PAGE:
“We went to the moon because we were doing our job. I can only speak for me, but I got involved with the program because I wanted to know what was out there. At that point in history, our concept of the universe was “God in the heavens, man in the middle, and everything else below,” and that was about as sophisticated as the public concept of space was. For me personally the whole thing of ‘let’s go find out what’s out there, let’s go find out what it’s all about,’ and I’m sure most of us had the same motivation of discovery. Let’s go find out. Pioneer.”
Those are the words of Edgar Mitchell, former NASA Astronaut and pilot of the Apollo 14 lunar mission in January of 1971. He was part of the nine voyages American spacecraft made to the moon between 1968 and 1972. In the years since the US stopped sending manned missions to the moon, this period in history has been looked at from many angles. Some perceive this whole enterprise as being merely a spectacular bi-product of the Cold War and our frantic race to triumph over Russian ingenuity. While covering the story of the first moon landing in July of 1969 for LIFE magazine, Norman Mailer postulated that this triumph belonged to the WASP, who “had emerged from human history in order to take us to the stars.” Still others see this not as a triumph merely for the WASP or the United States, but for humanity as a whole, a symbol of what can be accomplished in the spirit of discovery.
It is this latter spirit that imbues the new documentary In the Shadow of the Moon, which tells the story of the Apollo program as seen through the eyes of those closest to it, with nary a trace of cynicism. The film presents new interviews with surviving crew members of every manned moon mission, and also utilizes a great deal of NASA footage, much of it being made available to the public for the first time. Presented by Ron Howard, who glorified the space program in his 1995 picture Apollo 13, “Moon” is directed by David Sington. Sington, who is British and feels this nationality gave him a more objective view, found that this was the perfect time to gather these men in front of the camera to tell their story.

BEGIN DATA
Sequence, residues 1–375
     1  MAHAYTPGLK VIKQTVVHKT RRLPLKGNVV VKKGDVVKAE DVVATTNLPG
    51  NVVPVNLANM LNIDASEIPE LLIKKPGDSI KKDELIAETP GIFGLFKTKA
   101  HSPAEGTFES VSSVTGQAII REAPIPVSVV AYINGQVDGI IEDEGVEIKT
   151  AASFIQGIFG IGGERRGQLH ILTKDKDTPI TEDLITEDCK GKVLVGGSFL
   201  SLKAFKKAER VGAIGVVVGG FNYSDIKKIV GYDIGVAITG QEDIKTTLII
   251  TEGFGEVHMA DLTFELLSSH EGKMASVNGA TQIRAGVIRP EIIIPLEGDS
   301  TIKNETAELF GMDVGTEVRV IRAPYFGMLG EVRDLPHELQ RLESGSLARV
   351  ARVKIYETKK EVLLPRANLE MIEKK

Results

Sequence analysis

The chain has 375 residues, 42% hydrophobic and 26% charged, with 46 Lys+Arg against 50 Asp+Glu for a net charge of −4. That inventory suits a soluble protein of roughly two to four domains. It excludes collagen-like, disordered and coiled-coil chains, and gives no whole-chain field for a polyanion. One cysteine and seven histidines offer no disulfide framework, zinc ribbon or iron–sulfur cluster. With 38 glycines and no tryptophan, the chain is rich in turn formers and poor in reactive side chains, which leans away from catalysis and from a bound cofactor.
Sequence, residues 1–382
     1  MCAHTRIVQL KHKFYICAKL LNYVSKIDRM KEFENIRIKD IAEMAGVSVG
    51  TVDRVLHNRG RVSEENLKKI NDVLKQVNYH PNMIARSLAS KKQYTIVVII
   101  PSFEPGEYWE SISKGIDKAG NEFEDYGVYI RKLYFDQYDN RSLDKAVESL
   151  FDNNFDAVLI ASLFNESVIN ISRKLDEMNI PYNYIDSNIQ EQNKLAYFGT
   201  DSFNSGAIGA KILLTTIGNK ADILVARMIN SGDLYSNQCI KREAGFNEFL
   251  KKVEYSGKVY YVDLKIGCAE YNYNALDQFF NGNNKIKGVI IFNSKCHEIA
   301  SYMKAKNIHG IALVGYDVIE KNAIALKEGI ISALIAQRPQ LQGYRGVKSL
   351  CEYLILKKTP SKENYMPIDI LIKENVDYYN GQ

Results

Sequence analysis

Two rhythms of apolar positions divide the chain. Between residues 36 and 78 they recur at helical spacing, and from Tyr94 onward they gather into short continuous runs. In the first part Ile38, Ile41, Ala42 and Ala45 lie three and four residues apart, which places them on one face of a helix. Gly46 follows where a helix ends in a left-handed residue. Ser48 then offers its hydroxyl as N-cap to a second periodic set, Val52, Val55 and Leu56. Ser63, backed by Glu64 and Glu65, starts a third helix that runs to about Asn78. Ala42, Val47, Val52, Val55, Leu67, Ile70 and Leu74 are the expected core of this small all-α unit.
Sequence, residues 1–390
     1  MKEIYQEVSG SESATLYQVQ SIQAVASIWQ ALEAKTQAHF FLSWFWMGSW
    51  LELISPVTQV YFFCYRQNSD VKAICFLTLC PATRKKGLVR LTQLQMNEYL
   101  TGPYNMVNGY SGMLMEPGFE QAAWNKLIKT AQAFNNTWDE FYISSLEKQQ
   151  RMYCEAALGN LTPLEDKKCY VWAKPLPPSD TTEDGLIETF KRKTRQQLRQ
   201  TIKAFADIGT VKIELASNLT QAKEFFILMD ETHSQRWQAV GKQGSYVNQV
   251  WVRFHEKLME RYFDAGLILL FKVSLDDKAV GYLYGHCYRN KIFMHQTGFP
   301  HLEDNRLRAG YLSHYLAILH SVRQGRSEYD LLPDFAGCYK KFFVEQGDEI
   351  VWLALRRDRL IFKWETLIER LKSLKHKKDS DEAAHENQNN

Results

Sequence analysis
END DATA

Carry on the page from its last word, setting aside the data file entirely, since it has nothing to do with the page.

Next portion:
“We were lucky with our timing,” said Sington. “As men in their 70s I think they’re perhaps ready to be more reflective. We get more reflective as we get older. This is something that Edgar Mitchell said to me, it may well be true, that it was such a profound experience that it actually took them decades to come to terms with it, understand it themselves so they could express what it really was.”
Making themselves happily available to promote the film were some of the actual Apollo astronauts, who we had the honor to talk to here in New York. First up is our chat with Buzz Aldrin and Edgar Mitchell. Aldrin was the Lunar Module Pilot on the Apollo 11, and is famous worldwide as being “the second man on the moon”, after Neil Armstrong (as well as a one-time guest star on “The Simpsons”). Since the Apollo 14 flight, Mitchell has become well known for his research into paranormal and psychic phenomenon.
Buzz Aldrin: I found the most uncomfortable, disturbing question coming back was “what’d it feel like?” To draw an analogy, we have voice recorders, we have video recorders, but so far we have not invented emotion recorders other than maybe a lie-detector test, and we don’t do that kind of measurement. Emotions and feelings. What does this open up? Coming back, and then when asked a feeling, manufacturing what you think they want to hear instead of accurately trying to remember what your feelings really were.
Edgar Mitchell: I agree with Buzz. One of the more disturbing questions we got repeatedly, “what’d it feel like to be on the moon?” and I realized very shortly I didn’t know what it felt like ’cause I was too busy thinking and doing to concentrate on feeling. In order to do that, I went to one of my dear friends in the psychological community, Dr. Jean Huston, and said, “Hey, help me do some hypnotic regression I get this question ‘what’d it feel like?’ and I wanna find out ’cause I don’t know!” I learned that mostly it was a sense of awe, of wonderment, of seeing something new, being able to try to relate it to everyday life, but again falling upon the reason I went there, to explore. To find something new. To discover. It was a wonderment of new discovery. That was really what my feelings were.